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SINGAPORE: Currency markets were lulled by holidays in Japan and the United States on Thursday, leaving the US dollar revelling in its gains after data that cast doubts over market projections for peak Fed rates.

With markets shut in Japan and the United States for the Thanksgiving holiday, currencies barely moved and cash US Treasuries weren’t traded in Asia.

The dollar index rose overnight, bouncing from a 2-1/2 month low, after economic data showed the number of Americans filing new claims for unemployment benefits fell more than expected last week.

At the same time, orders for long-lasting US manufactured goods fell more than expected in October, signalling an economy cooling considerably after hot third-quarter growth.

In another worrying indicator for the Federal Reserve, a survey from the University of Michigan showed consumers this month anticipate higher inflation both in the near and long term, particularly inflation over the next five years.

“The dollar has partially rebounded after recent weakness…markets are reminded from the University of Michigan survey that inflation expectations for the next 1 and 5 years stay sticky, and that rates could stay higher for longer,” said Jeff Ng, head of Asia macro strategy at Sumitomo Mitsui Banking Corporation.

The dollar’s rebound comes after a three-week long spell of weakness driven by evidence of a slowing economy and disinflation, leading markets to price out any additional Fed rate hikes. US Treasuries had rallied too, with 10-year Treasury yields down nearly half a percentage point this month.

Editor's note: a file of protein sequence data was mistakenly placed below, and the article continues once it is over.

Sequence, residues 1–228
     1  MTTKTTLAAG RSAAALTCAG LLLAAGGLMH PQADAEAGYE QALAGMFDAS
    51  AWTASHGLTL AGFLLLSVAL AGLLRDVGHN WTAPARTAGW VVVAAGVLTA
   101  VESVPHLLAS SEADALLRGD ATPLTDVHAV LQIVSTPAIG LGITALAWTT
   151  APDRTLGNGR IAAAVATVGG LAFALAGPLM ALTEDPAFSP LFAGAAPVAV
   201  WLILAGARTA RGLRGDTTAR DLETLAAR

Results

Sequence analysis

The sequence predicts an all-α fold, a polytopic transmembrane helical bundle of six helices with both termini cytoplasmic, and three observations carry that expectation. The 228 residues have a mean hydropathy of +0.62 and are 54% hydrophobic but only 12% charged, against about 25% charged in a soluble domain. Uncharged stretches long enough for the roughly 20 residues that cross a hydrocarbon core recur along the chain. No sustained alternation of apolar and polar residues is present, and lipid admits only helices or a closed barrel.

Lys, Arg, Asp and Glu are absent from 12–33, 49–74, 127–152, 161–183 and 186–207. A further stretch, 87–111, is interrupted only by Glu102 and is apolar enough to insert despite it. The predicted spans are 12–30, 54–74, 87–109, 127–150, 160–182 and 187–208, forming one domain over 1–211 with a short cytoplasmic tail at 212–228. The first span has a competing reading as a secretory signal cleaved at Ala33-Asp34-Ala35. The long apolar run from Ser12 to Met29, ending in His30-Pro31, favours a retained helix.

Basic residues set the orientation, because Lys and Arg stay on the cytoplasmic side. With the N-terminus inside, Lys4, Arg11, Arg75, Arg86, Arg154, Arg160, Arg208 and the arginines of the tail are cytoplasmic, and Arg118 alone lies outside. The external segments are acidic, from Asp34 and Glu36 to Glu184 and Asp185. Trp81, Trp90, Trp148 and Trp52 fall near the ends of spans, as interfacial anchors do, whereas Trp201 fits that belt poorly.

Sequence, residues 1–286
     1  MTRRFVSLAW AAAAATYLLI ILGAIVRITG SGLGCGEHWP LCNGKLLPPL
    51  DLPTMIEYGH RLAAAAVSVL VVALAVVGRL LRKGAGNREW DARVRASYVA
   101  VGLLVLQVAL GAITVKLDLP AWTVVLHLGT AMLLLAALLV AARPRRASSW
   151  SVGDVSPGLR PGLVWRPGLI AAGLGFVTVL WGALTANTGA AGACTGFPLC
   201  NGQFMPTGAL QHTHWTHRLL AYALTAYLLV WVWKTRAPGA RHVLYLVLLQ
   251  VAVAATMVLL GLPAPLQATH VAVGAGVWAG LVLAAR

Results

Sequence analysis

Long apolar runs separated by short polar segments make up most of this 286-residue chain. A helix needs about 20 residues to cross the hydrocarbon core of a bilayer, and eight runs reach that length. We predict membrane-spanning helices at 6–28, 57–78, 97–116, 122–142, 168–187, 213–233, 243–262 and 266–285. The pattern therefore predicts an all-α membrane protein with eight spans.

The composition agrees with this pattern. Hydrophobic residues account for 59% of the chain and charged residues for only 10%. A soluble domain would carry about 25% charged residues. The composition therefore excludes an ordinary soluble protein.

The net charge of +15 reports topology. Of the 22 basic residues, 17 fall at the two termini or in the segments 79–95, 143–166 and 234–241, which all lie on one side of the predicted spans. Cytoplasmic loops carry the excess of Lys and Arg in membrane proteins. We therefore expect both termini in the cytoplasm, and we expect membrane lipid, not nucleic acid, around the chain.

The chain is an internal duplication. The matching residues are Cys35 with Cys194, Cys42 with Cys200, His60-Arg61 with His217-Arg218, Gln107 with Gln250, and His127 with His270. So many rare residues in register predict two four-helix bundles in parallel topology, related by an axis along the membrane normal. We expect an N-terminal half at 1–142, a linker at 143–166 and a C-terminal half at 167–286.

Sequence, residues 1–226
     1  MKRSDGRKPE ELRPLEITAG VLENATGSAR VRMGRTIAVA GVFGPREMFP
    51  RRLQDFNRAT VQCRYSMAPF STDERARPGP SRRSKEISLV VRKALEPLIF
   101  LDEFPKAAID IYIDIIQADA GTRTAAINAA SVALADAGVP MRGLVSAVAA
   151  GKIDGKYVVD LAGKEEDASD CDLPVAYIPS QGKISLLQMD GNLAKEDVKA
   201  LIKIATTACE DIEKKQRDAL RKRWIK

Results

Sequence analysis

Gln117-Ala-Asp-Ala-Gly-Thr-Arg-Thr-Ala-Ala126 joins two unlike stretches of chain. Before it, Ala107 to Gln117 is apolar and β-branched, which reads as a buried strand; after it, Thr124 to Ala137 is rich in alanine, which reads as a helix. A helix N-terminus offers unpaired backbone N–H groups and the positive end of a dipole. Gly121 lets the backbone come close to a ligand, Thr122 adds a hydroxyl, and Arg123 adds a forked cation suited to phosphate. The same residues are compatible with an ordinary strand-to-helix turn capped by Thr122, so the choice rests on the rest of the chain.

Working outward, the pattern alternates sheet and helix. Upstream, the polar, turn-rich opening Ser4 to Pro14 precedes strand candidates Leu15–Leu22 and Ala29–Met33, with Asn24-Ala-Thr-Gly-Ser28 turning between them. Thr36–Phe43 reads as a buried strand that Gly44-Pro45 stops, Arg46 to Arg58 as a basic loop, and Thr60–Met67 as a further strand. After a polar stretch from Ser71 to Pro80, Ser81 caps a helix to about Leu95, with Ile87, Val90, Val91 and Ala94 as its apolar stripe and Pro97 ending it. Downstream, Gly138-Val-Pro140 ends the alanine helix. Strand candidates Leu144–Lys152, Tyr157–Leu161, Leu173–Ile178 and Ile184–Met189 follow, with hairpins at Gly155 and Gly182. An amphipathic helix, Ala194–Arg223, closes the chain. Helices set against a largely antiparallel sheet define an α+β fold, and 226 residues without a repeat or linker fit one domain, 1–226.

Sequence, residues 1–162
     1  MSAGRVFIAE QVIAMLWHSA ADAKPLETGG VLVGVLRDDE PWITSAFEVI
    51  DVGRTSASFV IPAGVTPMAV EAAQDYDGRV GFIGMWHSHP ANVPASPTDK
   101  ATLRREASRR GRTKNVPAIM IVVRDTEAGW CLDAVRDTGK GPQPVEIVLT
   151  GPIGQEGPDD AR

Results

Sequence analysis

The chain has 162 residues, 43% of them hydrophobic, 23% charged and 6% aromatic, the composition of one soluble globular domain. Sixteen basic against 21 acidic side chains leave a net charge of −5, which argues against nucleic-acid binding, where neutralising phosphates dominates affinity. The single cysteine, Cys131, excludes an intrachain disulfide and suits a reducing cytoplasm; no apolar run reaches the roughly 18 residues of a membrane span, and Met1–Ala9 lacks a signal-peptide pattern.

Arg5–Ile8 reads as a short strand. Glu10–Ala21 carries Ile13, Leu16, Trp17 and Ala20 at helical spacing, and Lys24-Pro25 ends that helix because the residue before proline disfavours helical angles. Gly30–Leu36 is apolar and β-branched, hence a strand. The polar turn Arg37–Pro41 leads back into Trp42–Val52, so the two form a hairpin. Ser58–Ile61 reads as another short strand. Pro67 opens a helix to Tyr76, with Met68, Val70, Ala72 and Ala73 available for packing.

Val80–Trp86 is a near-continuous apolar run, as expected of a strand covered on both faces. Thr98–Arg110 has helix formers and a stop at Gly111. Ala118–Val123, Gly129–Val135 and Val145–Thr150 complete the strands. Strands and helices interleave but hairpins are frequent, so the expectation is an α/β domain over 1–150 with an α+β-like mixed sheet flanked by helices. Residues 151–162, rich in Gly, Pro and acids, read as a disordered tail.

Dollar hovers near 2-1/2-month lows, easing pressure on yen

Markets have dialled back expectations of Fed rate cuts in 2024, with futures now showing a 27% chance that the Fed cuts its target rate at the March 2024 policy meeting, a likelihood that increases to 40% when policymakers meet in May, according to CME Group’s FedWatch tool.

The weakness in the dollar has buoyed the yen, along with expectations the Bank of Japan may shift away from its ultra-loose monetary policy next year.

After pulling back from the brink of 152 per dollar at the start of last week, the yen hit a two-month high of 147.155 on Tuesday. It was last traded at 149.33.

The dollar index was just 0.03% lower at 103.84, with the euro unchanged at $1.0887. The Australian dollar was flat too at $0.654.

The European Central Bank (ECB) releases minutes of its October policy meeting later in the day. In recent days, policymaker Mario Centeno has said he expected macroeconomic conditions would lead to a reversal in the bank’s recent cycle of rate hikes in the near future.

Governing Council member Joachim Nagel said rates in the euro zone are close to their peak in the current cycle or may have already reached it.

The forward-looking flash November purchasing manager indexes (PMIs) are also due out globally on Thursday and should help investors assess recession risks and how quickly rate cuts will begin.

The euro zone PMI is already below the 50 number, suggesting economic activity is contracting. It is the same in Britain, while the US Oct manufacturing PMI contracted sharply.

Sterling fell on Wednesday and UK’s FTSE 100 fell for the third straight session after UK finance minister Jeremy Hunt unveiled a series of tax cuts and other measures to boost growth in his autumn budget, but forecast a far more sluggish economic outlook than previously expected.

In cryptocurrency world, Binance chief Changpeng Zhao has stepped down and pleaded guilty to breaking criminal US anti-money laundering laws as part of a $4 billion settlement resolving a years-long investigation into the world’s largest crypto exchange.

Bitcoin rose nearly 5% on Wednesday and is last at $37,450.


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